By Harmony Harkema
“Make it your ambition to live a quiet and peaceful life.” ~1 Thessalonians 4:11 (paraphrased)
When we first talked about doing a series on what the traditional church calendar identifies as Ordinary Time, I had no inkling of the longing that would accompany this season for me, of the way I would want to remove all the trappings of Advent before the twelfth day of Christmas (known as Epiphany and remembered by the church as the day the Magi visited the newborn Christ–see Matt. 2:1-11). I had planned to keep the Christmas tree up until January 6. My husband left November 19 to spend four months working far away in Kenya, not something we planned for or expected to mark the end of 2016. I thought extending Advent as long as possible, drawing out the celebration of special days, of preparation for the Savior of the world, would make the first months apart sweeter and more bearable.
Then, the week my husband left for a few final days of training prior to his departure for Kenya, I went to the doctor. I had some strange stomach pains. Anxiety, perhaps? Did I have an appetite, he asked? No, not really. He was worried about appendicitis. He ordered a CT scan.
A few days later, he called me. No appendicitis, but the radiologist had seen a growth in the lower lung–a nodule, less than three centimeters. Not anything that looked really concerning, but he wanted to be sure. He’d ordered a PET scan. A few days later, I lay back in a recliner in a darkened room in the outpatient wing of the hospital, covered with warm blankets as they injected me with the radioactive dye that would highlight anything unusual. “Don’t think about anything stressful,” the radiology tech said. “Just relax.”
A week later, another call from my doctor. He was referring me to a pulmonologist, he said. The appointment was already made.
The pulmonologist was kind. There were more nodules, he said. All over my lymph nodes, plus the one in the bottom of the lung. They could be nothing serious, but could be something. Five somethings, in fact. Three possible infections, two possible cancers. They had to be sure. I’d have a biopsy. Next week. “Don’t let this ruin your Christmas,” he said. His voice was kind, gentle.
I stumbled out to the car, stunned and breathless. It was December 19.
I won’t go into the ensuing battle betwixt fear and faith. There isn’t space here. Suffice it to say that by the time I walked through the hospital doors on December 29 for the biopsy, I felt like I’d been through a long, dark, airless tunnel. I felt like I’d been paralyzed. The war between dark and light is never easily fought.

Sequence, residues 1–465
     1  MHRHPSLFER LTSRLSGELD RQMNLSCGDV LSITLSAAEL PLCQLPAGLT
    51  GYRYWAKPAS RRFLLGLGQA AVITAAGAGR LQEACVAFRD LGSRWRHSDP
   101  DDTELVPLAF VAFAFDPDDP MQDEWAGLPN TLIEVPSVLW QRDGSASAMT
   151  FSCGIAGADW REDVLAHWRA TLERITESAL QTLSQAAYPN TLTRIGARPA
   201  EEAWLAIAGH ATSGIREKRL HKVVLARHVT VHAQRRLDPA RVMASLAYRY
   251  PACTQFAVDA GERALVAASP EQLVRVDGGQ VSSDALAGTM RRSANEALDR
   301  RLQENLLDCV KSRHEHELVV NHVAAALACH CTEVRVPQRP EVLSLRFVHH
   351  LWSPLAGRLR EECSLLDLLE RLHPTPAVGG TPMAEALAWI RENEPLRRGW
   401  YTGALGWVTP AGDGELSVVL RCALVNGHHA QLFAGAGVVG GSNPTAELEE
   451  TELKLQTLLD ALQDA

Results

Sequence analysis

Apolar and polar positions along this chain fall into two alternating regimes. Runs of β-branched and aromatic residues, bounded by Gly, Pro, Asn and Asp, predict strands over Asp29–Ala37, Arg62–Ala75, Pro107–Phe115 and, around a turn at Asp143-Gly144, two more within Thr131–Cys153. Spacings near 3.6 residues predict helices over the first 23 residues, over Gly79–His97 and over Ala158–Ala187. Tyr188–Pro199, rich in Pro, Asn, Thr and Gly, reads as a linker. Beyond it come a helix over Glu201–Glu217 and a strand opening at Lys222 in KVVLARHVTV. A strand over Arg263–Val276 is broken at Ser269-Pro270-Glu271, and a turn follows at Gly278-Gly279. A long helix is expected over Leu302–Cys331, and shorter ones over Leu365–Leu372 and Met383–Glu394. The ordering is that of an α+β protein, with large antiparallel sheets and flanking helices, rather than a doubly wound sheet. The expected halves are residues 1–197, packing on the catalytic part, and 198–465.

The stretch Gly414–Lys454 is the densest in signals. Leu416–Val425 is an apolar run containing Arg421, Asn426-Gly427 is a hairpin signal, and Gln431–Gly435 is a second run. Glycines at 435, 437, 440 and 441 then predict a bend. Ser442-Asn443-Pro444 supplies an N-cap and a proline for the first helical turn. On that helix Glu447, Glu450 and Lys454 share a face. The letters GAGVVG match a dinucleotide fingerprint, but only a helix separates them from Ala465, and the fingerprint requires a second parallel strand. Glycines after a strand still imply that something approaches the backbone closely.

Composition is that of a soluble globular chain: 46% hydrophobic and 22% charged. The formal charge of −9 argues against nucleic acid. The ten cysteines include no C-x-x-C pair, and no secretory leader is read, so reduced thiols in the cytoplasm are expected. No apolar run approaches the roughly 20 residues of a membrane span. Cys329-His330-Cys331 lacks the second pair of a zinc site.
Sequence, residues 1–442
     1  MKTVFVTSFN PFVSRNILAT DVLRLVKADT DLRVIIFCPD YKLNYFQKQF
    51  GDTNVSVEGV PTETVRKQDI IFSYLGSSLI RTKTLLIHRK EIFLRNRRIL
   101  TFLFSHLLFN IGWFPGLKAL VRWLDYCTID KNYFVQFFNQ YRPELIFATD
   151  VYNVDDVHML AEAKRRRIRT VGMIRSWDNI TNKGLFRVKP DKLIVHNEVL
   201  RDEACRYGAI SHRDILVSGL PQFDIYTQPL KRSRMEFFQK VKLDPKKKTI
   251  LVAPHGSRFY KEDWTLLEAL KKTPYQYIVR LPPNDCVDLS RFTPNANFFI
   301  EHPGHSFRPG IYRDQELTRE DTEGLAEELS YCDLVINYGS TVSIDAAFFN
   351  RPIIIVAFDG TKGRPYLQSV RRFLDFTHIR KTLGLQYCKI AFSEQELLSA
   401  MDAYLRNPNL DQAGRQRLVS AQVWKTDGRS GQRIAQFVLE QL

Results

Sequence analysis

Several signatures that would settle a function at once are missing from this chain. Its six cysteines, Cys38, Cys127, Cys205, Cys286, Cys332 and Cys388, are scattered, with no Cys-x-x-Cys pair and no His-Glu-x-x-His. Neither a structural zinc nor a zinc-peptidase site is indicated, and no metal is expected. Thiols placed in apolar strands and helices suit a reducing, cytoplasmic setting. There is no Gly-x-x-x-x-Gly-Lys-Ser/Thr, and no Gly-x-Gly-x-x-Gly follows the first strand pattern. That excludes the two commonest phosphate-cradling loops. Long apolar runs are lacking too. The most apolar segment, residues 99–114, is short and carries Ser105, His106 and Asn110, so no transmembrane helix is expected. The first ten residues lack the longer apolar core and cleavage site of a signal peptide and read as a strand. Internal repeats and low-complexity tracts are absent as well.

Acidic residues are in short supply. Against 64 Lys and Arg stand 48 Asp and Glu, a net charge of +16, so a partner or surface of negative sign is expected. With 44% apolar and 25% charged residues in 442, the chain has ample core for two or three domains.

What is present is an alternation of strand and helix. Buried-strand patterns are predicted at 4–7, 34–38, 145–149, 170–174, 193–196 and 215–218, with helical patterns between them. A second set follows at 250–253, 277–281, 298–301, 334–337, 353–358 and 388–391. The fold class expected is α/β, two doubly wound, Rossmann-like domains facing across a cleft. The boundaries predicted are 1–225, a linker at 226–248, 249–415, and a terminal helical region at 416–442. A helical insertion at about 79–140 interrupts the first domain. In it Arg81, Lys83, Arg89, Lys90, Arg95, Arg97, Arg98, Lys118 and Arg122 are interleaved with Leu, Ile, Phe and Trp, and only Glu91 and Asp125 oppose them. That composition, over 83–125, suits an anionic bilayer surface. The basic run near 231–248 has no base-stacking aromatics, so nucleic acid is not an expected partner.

Late that afternoon, after I was awake, the pulmonologist stopped by my room. The prognosis looked good, he said. Things looked normal (i.e. not like cancer). Of course, the pathology report would tell.
When I woke up on December 30, I thought, I just want to move on, past this Christmas. I want to take walks and stir soup and bake brownies and read The Lord of the Rings all over again. I want to fold little girl laundry and teach my preschooler how to ride her new bike and go to church and count the days until my love comes home again.
Yesterday, I took down the Christmas tree. I returned the bins and boxes of decorations to the attic. I moved furniture, tidied bookshelves, found places for new toys in the playroom. I washed sheets and swept floors. Tomorrow, I see the pulmonologist to hear what I believe will be good news. I am ready for it. And after the chaos and uncertainty of the past six weeks, I am ready for Ordinary Time.
When the threads of life feel worn, Ordinary Time–the slow, ordered days that mark out the time between Lent and Advent–can be a gentle gift. A time to sit with God in the quiet. A time to feel creation buzzing quietly around us. A time to rest, to be restored. Advent and Easter are wondrous, but we need Ordinary Time too, especially after we have walked through a dark valley.
In 1 Thessalonians, Paul counsels the church to aim for a quiet life. Some translations say a peaceful life. I like the idea of both. But I think we are mistaken if we believe Paul meant a quiet and peaceful life in an external sense. I believe he meant we should seek the quiet and the peace within. We live in a world where our quiet, our peace–our faith–may be shaken daily. We have to find the peace that can withstand the storms, the peace that comes only from a deep and abiding relationship with Christ. I believe God gifts us with Ordinary Time so that we will learn to abide in him, to rest in the quiet spaces within ourselves, and to find beauty there.
Harmony Harkema has loved the written word for as long as she can remember. A former English teacher turned editor, she has spent the past eight years in the publishing industry. A novelist and blogger in the fringe hours of her working mom life, Harmony has a heart for leading and coaching aspiring writers. Harmony lives in Memphis with her husband and two daughters. She blogs at harmonyharkema.com.
Photograph © Annie Spratt, used with permission